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    Default Re: B vent clearance

    I concur 100% and write it up every-time, I would like a definitive reason why though other then because it is written. Maybe Bob will weigh in. Inquiring minds want to know.......

    Mike Schulz License 393
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  12. #12
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    Default Re: B vent clearance

    I can see three reasons for the one inch gap:

    1. In the event of a thermal runaway condition where the appliance's safety controls have failed and the temperatures sky rocket. This would be too rare to imagine.

    2. The manufacturer's attorney and head design engineer said to make it one inch.

    3. So any rusting can be seen during an inspection.


    I have found paper installation manuals tucked in tight against the flue pipe right at the furnace output that had no yellowing or any indication at all of a problem. The oldest house that I have found this on is 7 years and you could tell by the dust that it had been there the whole time.

    Bruce King, B.A. King Home Inspections, LLC
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    Certified Master Inspector, Independent Inspectorwww.IndependentInspectors.org

  13. #13

    Default Re: B vent clearance

    An insulation shield of no less than 26 gauge sheet metal shall be installed to to provide clearance between the vent and the insulation and extend no less than two inches above the insulation layer in the attic (IRC 2425.4).

    Richard Craycroft
    Hill Country Inspections
    Austin, TX

  14. #14
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    Default Re: B vent clearance

    For the sake of discussion, would those of you who strictly adhere to "code" write up that these beams are improperly secured?

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  15. #15
    Craig Ervin's Avatar
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    Default Re: B vent clearance

    You guys are giving Eric a hard time and he telling like it is

    I think most of you are missing the point of why they use B vent over single walled pipe in the first place..

    They could just slip some larger single wall around the B vent to prevent the cellulose from touching the pipe.


  16. #16
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    Exclamation Re: B vent clearance

    To answer the OPs original question: yes, it is wrong. Clearances are air spaces. Even if you filled it with concrete, it would be wrong..

    Yes, you can make a ventilated attic insulation shield to comply with the listing. It needs a means of preventing insulation from blowing down btw pipes. You can either 'daisy petal' snip the top and fold the tabs inwards leaving slits to ventilate it or use a storm collar with a nominal gap so it can breathe. If the mfr. makes a listed attic insulation shield, that is what you should use. If they don't, you should fabricate one in the field.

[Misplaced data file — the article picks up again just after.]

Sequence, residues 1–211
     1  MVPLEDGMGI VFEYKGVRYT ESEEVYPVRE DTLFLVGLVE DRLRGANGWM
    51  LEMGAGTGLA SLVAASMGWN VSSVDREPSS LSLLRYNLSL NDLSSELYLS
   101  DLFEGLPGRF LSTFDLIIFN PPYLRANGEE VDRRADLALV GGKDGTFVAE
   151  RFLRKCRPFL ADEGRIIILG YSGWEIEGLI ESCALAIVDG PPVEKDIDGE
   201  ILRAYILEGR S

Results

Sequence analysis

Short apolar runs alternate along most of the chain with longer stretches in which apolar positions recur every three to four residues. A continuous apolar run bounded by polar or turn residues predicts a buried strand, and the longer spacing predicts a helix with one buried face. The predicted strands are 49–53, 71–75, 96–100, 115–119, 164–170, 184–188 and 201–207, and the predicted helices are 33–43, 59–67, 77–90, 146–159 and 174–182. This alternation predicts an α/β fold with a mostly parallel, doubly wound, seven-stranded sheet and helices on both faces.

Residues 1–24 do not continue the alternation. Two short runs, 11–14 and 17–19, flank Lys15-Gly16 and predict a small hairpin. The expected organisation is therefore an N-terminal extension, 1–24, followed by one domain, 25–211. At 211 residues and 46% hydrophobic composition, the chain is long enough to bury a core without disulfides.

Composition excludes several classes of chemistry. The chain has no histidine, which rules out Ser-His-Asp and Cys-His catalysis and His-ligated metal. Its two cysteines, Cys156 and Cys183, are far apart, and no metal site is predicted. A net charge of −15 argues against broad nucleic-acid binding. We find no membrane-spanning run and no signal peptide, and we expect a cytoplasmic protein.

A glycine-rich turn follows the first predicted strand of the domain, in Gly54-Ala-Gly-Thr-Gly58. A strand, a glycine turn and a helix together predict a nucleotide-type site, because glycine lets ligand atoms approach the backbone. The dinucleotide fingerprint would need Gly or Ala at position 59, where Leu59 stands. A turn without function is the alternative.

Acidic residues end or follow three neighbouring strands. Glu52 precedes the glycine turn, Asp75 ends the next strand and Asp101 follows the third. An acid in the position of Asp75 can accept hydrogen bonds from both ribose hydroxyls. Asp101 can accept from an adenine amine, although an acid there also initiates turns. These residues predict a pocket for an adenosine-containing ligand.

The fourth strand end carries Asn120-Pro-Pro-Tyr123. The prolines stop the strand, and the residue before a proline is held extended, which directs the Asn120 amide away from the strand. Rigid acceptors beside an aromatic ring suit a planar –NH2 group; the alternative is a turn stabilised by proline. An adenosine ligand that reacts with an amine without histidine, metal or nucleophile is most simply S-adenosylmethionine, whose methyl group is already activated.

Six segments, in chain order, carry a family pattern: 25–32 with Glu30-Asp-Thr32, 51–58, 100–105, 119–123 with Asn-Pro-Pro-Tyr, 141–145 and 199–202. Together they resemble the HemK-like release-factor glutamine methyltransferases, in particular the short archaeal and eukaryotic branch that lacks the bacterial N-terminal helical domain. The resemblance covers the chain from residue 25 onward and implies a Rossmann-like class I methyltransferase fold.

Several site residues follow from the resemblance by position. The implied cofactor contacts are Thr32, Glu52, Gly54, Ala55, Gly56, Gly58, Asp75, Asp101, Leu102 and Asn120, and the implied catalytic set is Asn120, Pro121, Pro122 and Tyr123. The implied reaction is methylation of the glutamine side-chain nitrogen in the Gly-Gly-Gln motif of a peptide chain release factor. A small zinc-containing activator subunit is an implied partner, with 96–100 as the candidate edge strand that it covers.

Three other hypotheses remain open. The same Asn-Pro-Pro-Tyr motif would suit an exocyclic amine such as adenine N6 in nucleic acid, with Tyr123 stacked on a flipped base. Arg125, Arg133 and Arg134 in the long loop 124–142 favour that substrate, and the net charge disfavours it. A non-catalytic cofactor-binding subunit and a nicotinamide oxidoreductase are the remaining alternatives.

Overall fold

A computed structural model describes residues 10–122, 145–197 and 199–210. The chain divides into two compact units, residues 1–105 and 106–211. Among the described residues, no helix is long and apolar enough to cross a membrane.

I agree it is rare to see a fire caused by B-vent incidental contact. However, as I have posted before, when treated cellulose comes in contact with metallic venting, moisture tends to condense on the outer wall of the pipe. This moisture will leach out the borate or phosporous based salts used as a flame retardant, rodent/ bug deterrent. I find salt licks on the firestops all the time. The insulation is molded to the pipe and yes, it does begin to pyrolyze. I have seen fiberglass insulation melted if you will, to the pipe. In this case, often the binders form a gooey glue to the pipe. More prevalent on hotter pipes such as solid or liquid fuels.

    Bruce made some good points. The one about being able to inspect it without pulling insulation back is kinda negated by an insulation shield but still both are easy to pull back for inspection. The abnormally high stack temp event could be from weak draft or blockage at the flue gas outlet. I've seen B-vent get really hot when plugged with a nest.

    Eric, I hear what you're saying and I don't have a list of homes definitively burned down by B-vent in contact with cellulose (maybe Dale Feb does) but...........It is and has been a code requirement for at least 30+ yrs. If you know about it, why not call it out and be done with it? God forbid there was an unfriendly fire, you would be drawn in as a primary target. Even if you prevail, it will cost you a lot of time, money and a piece of your rear end to defend yourself. Just seems too cut and dried to me.

    Now, can I go back to sleep? :-)

    Keep the fire in the fireplace.

  17. #17
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    Default Re: B vent clearance

    Is cellulose insulation even combustible?


    http://www.nationalfiber.com/uploads...ber_NuWool.pdf

    FIRE FIGHTING MEASURES
    General Hazard:
    Nu-Wool« cellulose insulation is not flammable or explosive.
    Extinguishing Media: Any fire extinguishing media may be used on nearby fires.
    Flammability Classification (29 CFR 1910, 1200): Non-flammable solid.
    Unusual Fire Hazard: None. However, material should not be installed where temperatures may exceed 180F. Adequate clearance should be maintained around non IC rated recessed lights, chimneys, and other heat producing equipment as specified in the National Fire Prevention Code.
    PHYSICAL AND CHEMICAL PROPERTIES
    Appearance: